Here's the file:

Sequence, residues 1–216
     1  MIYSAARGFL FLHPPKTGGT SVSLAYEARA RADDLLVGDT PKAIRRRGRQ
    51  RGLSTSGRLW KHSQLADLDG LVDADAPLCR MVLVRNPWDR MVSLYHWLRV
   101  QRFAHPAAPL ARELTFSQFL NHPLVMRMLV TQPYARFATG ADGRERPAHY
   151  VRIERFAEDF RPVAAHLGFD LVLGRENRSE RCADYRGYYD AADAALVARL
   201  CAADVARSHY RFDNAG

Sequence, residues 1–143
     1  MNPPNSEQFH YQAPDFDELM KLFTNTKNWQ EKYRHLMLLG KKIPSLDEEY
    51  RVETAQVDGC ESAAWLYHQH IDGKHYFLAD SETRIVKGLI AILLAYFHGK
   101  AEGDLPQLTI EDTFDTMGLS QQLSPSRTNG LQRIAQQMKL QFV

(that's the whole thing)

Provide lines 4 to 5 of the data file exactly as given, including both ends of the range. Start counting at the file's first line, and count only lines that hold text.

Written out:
   101  QRFAHPAAPL ARELTFSQFL NHPLVMRMLV TQPYARFATG ADGRERPAHY
   151  VRIERFAEDF RPVAAHLGFD LVLGRENRSE RCADYRGYYD AADAALVARL